This wonderful minority of men sort of "go with the flow" of life, rather than seeking reward for positive actions or avoiding punishment for sins. I think this gets us back to your question, but you might not like the answer. Many atheists like to point to Einstein as a fellow, but it seems to me that his belief system at least hints at an underlying order to life. If one's decisions are made in such a way as to benefit not only oneself but also everyone affected by those decisions, the decisions are considered to be correct and the actions taken through such consideration are generally at least more positive than others made more willy-nillily.
If such an underlying order actually does exist, wouldn't it have had to have been designed to be that way? If our decisions actually connect us so precisely within society, much like electrical bonds connecting atoms, isn't that just a little too perfect for happenstance? It's easy for an evolutionary psychologist like you, I'm sure, to disagree on the grounds that moral decisions have a positive influence on life and society and thus moral decision makers have a stronger chance at the Darwinian Russian Roulette Table.... BUT....
Whether you look at the times in which we find ourselves discussing this, or at Einstein's time, that of Jesus or even if we squint so far back as to the days of cavemen, that third way of living and deciding has always produced positive results, and it has never really caught on. There have always been more dick heads than moral people that concern themselves with the well-being of others, and there likely always will be.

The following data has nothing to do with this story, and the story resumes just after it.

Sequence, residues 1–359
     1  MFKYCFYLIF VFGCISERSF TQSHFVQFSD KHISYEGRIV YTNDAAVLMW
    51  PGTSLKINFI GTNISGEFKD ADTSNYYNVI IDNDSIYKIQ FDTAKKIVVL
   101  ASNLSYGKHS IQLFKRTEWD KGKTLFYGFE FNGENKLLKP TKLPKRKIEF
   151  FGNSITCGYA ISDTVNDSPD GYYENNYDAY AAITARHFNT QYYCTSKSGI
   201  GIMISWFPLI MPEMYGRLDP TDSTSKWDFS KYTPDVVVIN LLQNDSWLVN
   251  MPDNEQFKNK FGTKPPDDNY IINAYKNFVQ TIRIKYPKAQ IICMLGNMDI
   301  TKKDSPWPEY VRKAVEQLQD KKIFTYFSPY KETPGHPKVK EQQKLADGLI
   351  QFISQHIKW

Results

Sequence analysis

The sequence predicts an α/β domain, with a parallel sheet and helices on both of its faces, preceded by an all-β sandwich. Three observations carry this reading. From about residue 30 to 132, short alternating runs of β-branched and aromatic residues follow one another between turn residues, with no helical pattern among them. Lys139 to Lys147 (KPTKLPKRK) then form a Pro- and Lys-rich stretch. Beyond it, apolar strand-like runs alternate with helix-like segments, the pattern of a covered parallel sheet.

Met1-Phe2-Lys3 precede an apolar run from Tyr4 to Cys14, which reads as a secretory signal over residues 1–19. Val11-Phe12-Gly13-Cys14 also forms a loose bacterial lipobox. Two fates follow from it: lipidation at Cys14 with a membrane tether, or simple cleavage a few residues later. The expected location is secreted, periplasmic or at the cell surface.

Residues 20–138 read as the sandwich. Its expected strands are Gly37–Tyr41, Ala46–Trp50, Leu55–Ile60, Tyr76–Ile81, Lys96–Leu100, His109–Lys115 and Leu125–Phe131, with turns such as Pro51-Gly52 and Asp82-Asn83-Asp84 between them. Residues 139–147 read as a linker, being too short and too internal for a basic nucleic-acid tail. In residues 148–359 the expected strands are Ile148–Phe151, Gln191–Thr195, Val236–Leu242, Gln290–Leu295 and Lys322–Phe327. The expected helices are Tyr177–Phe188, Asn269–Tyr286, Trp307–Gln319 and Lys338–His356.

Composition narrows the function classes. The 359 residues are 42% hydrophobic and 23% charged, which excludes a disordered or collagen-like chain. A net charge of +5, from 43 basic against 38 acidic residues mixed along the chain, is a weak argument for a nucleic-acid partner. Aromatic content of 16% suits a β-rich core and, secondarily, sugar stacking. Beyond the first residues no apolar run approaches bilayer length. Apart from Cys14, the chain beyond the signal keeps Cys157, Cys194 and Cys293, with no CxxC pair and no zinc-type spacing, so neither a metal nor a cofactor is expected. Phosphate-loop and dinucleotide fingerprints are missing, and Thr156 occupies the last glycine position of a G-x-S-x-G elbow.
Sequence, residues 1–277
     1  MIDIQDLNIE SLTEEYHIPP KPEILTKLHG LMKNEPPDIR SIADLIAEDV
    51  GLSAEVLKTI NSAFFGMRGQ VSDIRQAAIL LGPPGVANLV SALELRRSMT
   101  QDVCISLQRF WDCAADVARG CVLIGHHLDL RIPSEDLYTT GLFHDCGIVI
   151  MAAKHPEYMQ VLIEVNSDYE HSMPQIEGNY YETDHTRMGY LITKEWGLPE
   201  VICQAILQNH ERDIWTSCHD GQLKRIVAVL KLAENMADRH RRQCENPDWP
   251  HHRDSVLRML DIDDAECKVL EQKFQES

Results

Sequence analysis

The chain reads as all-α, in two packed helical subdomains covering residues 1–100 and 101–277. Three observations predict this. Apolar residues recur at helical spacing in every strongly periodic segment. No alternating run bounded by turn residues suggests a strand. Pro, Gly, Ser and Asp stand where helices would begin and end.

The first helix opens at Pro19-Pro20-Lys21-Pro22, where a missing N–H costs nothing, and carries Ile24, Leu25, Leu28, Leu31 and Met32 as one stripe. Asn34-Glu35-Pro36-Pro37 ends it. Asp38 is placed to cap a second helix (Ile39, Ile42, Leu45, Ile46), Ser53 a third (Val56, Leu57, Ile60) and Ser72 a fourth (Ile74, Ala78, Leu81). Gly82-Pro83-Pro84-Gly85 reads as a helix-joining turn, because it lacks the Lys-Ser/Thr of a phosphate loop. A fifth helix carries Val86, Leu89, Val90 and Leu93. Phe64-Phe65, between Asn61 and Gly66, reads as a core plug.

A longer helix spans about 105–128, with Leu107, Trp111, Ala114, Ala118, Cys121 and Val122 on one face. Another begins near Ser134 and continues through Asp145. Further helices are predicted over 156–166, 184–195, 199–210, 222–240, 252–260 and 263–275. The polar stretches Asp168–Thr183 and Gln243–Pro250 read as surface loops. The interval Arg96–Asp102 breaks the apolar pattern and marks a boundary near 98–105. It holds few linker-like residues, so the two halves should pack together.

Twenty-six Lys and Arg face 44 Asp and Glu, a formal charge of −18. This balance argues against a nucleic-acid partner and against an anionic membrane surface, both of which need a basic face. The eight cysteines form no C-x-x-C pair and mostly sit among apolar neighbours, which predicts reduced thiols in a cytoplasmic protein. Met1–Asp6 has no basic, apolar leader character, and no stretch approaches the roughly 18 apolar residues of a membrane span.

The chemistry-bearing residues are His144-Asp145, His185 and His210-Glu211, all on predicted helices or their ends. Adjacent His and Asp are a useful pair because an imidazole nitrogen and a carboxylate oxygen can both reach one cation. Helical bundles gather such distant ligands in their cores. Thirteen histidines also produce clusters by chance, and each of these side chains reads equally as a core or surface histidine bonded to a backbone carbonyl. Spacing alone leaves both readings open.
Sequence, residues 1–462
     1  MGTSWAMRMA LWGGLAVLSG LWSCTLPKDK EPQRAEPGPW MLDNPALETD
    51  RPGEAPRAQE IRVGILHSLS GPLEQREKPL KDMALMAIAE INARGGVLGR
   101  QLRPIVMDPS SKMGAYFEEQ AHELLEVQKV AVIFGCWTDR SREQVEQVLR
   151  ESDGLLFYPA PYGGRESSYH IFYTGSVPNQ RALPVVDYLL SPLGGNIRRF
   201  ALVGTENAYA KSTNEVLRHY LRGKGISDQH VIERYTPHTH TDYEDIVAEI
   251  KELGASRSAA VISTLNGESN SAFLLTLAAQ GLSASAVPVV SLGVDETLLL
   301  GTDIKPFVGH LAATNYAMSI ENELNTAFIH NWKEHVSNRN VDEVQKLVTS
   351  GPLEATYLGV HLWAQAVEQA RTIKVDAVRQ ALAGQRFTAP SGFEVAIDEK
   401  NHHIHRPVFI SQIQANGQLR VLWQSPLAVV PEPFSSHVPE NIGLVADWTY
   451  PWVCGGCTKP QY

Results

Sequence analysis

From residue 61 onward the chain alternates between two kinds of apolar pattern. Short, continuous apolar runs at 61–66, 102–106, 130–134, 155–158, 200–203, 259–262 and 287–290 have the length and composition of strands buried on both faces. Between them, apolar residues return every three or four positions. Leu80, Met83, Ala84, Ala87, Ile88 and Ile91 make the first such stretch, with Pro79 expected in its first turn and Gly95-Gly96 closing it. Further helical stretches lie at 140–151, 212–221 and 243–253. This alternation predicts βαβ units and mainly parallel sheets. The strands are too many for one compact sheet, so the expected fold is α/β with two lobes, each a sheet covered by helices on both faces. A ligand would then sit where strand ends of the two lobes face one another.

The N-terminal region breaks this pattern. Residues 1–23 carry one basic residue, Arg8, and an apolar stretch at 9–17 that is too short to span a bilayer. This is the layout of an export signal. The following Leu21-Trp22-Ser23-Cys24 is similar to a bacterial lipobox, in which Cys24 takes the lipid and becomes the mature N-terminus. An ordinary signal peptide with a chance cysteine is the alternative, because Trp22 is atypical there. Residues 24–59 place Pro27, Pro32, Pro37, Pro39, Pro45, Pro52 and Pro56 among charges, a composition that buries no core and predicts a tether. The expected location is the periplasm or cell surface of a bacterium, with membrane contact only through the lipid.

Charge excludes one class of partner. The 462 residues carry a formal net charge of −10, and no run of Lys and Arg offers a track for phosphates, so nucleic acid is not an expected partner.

Metal is right that popular acceptance of pure morality is an evolving thing, but that doesn't mean morality is evolving, rather only our acceptance of what I see as a constant.
I got home and went to look, unsuccessfully, for the book... which I believe was called Ideas and Opinions... in order to quote some Einstein for you and thus add a little credibility to my statements. I mean after all, if Einstein said it, it must be smart right?
Unfortunately, the above is probably at best not even close to his words. I tend to blend things I read into other stuff I already know or believe. I do remember specifically that he, as a leader in his field, actually did ascribe the highest form of moral/spiritual existence to people like him, so I left that part in, though I think I probably disagree at least in part...